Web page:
18. Optimization for Peptide Sample Preparation for Urine Peptidomics

    SciTech Connect

    Sigdel, Tara K.; Nicora, Carrie D.; Hsieh, Szu-Chuan; Dai, Hong; Qian, Weijun; Camp, David G.; Sarwal, Minnie M.

    2014-02-25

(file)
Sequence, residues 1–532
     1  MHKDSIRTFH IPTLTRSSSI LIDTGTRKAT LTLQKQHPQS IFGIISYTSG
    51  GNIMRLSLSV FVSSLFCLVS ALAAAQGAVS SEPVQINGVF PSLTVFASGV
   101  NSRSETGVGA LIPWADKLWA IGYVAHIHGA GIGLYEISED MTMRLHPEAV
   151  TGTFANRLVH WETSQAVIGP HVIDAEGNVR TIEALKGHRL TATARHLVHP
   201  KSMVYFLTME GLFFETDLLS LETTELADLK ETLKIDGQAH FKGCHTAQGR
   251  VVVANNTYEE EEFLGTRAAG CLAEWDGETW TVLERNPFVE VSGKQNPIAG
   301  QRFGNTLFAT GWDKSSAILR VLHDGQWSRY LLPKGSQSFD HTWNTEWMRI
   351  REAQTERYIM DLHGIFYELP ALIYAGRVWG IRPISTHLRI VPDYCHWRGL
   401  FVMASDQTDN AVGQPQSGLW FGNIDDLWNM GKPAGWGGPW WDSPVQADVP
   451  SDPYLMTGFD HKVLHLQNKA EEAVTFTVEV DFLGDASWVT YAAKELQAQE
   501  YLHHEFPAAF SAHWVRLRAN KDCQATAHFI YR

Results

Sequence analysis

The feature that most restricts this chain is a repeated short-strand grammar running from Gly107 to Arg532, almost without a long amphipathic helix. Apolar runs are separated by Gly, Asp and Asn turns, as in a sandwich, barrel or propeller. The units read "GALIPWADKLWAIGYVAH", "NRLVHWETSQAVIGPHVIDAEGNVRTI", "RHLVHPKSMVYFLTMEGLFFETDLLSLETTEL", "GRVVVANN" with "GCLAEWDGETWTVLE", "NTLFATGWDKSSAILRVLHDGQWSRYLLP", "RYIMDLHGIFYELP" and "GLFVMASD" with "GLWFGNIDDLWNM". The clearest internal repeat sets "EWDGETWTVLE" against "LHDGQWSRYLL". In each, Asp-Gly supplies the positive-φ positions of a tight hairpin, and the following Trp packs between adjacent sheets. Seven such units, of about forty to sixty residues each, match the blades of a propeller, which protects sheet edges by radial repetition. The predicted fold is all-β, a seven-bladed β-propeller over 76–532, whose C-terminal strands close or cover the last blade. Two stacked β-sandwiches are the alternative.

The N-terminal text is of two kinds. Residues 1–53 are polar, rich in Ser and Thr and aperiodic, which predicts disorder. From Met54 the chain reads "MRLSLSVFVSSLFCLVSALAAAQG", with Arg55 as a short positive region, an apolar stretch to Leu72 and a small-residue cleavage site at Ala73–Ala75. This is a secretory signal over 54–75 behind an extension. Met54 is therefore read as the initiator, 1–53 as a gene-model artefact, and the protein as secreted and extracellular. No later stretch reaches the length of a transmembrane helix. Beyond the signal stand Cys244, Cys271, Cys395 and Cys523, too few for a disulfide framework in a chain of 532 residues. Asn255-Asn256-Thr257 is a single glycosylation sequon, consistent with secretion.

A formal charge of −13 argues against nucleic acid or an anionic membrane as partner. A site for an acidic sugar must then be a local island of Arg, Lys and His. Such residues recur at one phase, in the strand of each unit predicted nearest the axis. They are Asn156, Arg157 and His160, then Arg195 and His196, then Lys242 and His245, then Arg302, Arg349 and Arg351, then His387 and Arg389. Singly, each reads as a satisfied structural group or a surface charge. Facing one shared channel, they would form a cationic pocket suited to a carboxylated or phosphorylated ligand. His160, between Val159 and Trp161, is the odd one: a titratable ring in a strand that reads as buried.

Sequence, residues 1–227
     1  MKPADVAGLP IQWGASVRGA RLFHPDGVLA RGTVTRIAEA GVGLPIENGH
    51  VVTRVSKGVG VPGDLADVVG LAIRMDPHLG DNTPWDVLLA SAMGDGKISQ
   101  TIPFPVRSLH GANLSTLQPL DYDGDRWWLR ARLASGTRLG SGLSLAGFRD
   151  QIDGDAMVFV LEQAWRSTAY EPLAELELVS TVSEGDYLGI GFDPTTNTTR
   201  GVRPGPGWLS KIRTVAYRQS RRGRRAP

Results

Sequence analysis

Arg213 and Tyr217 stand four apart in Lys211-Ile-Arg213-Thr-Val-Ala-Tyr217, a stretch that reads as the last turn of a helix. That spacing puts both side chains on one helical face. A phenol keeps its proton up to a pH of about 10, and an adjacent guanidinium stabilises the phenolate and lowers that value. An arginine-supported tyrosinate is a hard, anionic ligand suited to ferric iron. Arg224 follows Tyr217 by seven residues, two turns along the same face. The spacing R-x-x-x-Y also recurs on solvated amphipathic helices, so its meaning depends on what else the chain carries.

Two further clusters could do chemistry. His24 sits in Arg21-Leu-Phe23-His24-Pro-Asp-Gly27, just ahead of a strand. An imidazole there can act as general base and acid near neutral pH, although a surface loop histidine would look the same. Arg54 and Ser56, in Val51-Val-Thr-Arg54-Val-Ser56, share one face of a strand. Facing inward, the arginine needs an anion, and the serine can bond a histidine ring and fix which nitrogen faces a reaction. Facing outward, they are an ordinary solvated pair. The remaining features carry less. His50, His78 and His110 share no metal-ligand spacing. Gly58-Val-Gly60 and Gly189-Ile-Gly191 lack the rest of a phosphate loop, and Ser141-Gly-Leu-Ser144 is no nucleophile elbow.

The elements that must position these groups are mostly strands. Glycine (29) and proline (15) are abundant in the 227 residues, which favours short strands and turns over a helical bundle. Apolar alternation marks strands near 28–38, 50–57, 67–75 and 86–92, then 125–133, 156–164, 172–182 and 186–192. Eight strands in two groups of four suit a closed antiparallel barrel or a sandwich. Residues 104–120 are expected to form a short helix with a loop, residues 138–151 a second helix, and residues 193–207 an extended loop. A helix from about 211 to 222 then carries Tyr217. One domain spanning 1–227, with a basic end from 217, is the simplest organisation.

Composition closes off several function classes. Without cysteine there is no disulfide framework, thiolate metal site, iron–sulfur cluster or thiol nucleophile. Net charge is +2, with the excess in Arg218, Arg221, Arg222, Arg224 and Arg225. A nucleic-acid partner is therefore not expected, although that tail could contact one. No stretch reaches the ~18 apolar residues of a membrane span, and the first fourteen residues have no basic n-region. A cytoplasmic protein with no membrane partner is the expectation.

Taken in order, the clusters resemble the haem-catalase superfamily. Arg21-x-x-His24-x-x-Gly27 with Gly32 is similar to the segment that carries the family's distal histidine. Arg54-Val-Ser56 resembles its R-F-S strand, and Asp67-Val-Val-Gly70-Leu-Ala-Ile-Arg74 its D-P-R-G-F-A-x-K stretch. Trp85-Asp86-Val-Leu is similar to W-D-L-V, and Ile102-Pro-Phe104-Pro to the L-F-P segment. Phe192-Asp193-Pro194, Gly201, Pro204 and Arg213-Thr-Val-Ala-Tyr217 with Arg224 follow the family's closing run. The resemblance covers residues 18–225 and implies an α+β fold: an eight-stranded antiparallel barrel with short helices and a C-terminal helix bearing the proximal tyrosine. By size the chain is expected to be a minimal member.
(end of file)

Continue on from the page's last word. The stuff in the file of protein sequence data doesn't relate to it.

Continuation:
Analysis of native or endogenous peptides in biofluids can provide valuable insights into disease mechanisms. Furthermore, the detected peptides may also have utility as potential biomarkers for non-invasive monitoring of human diseases. The non-invasive nature of urine collection and the abundance of peptides in the urine makes analysis by high-throughput ‘peptidomics’ methods , an attractive approach for investigating the pathogenesis of renal disease. However, urine peptidomics methodologies can be problematic with regards to difficulties associated with sample preparation. The urine matrix can provide significant background interference in making the analytical measurements that it hampers both the identification of peptides and the depth of the peptidomics read when utilizing LC-MS based peptidome analysis. We report on a novel adaptation of the standard solid phase extraction (SPE) method to a modified SPE (mSPE) approach for improved peptide yield and analysis sensitivity with LC-MS based peptidomics in terms of time, cost, clogging of the LC-MS column, peptide yield, peptide quality, and number of peptides identified by each method. Expense and time requirements were comparable for both SPE and mSPE, but more interfering contaminants from the urine matrix were evident in the SPE preparations (e.g., clogging of the LC-MS columns, yellowish background coloration of prepared samples due to retained urobilin, lower peptide yields) when compared to the mSPE method. When we compared data from technical replicates of 4 runs, the mSPE method provided significantly improved efficiencies for the preparation of samples from urine (e.g., mSPE peptide identification 82% versus 18% with SPE; p = 8.92E-05). Additionally, peptide identifications, when applying the mSPE method, highlighted the biology of differential activation of urine peptidases during acute renal transplant rejection with distinct laddering of specific peptides, which was obscured for most proteins